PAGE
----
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Social Influence and Conformity: A social science perspective

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Introduction An area of Social Physcology is Social Influence; this is the process by which an individual's attitudes, beliefs or behaviours are modified by the person's presence of others. In particular the report will look into conformity. Conformity is defined by Crutchfield (19 ) 'as yielding to a real or imagined group pressure'. People change their behaviour towards social norms. This is defined as an unwritten rule or code about behaviour and attitudes that are expected and accepted within a social group, which are time and culture bound There are three types of conformity * Informational Social Influence- In some situations mostly social ones, there are no right answers, therefore we look to others for information. ...read more.


One study was that of Sheriff (1935) who used the visual illusion called the autokinetic effect. Participants were asked to watch a spot of light on a dark wall, which appeared to move and were then asked to estimate how far and in which direction the light moved. After 100 trials there was a consistent level of judgement Sheriff then asked participants to work in groups, they did not say a group estimate but group judgements converged when participants were individually tested later. The study showed that a group performance had created a socially determined norm. ...read more.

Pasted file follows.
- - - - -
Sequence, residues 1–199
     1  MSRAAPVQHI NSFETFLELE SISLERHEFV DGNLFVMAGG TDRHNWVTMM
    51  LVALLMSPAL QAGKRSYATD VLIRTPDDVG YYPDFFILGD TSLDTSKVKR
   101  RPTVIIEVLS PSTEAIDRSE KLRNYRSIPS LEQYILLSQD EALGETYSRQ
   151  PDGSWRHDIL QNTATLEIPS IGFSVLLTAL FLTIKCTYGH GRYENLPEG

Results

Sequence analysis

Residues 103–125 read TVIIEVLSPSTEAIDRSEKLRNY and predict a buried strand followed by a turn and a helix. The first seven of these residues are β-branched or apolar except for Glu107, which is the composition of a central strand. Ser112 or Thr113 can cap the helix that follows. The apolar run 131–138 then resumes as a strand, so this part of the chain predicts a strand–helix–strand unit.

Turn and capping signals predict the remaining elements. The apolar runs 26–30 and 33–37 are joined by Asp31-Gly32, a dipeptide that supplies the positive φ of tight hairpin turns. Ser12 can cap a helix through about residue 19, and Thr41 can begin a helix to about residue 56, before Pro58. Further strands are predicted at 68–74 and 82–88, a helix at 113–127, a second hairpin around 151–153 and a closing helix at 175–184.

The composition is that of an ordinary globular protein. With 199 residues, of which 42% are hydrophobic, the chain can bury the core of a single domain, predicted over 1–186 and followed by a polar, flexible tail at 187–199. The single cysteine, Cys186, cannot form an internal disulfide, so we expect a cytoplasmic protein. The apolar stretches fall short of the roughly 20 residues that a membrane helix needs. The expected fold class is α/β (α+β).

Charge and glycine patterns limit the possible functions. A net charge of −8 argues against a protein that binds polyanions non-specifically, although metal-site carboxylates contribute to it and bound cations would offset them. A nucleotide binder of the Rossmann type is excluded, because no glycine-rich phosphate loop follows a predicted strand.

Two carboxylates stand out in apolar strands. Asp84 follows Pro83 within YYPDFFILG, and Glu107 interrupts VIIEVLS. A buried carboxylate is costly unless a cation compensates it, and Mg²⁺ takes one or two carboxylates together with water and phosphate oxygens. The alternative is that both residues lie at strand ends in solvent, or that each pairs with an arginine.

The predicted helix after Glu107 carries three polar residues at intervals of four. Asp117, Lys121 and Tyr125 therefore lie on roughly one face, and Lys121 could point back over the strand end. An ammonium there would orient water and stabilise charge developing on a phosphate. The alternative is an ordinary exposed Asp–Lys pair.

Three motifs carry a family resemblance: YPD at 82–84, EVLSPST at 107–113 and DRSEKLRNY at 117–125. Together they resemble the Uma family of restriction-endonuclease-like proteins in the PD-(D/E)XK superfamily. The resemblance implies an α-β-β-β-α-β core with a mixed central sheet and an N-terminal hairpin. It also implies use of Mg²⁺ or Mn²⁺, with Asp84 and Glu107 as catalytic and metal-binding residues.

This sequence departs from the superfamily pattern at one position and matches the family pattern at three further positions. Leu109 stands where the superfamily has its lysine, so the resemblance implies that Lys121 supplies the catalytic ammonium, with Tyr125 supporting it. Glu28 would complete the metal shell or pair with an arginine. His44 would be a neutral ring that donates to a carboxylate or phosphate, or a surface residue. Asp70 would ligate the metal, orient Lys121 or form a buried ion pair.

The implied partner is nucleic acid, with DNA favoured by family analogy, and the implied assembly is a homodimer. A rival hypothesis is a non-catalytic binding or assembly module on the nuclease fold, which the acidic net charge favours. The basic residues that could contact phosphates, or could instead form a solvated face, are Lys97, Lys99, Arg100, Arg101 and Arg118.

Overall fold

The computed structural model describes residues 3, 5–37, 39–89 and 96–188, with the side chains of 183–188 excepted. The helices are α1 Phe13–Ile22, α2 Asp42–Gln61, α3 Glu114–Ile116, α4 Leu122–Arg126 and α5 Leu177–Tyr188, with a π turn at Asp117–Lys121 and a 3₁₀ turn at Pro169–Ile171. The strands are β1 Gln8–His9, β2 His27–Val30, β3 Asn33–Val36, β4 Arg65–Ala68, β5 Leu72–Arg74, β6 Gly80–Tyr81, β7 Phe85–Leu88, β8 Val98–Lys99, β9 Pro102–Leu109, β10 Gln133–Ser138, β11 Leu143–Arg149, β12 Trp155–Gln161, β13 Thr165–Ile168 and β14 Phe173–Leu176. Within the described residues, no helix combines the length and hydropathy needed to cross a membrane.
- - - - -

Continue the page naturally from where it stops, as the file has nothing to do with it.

The results showed that people would conform to group norms even if the answer was clearly wrong, however some participants were independent suggesting that people can resist the pressure to conform, in situations of certainty. Jeness's study is the investigation that this research will follow. It was one of the first empirical studies of conformity. He asked participants to estimate the number of beans in a bottle, and then discuss it in groups and arrive at a group estimate. Participants were individually asked again and it was clear that there was a distinct shift towards the group estimates. This demonstrates normative social influence The above research has illustrated that we conform when unsure of an answer, the aim of this research is ...read more.

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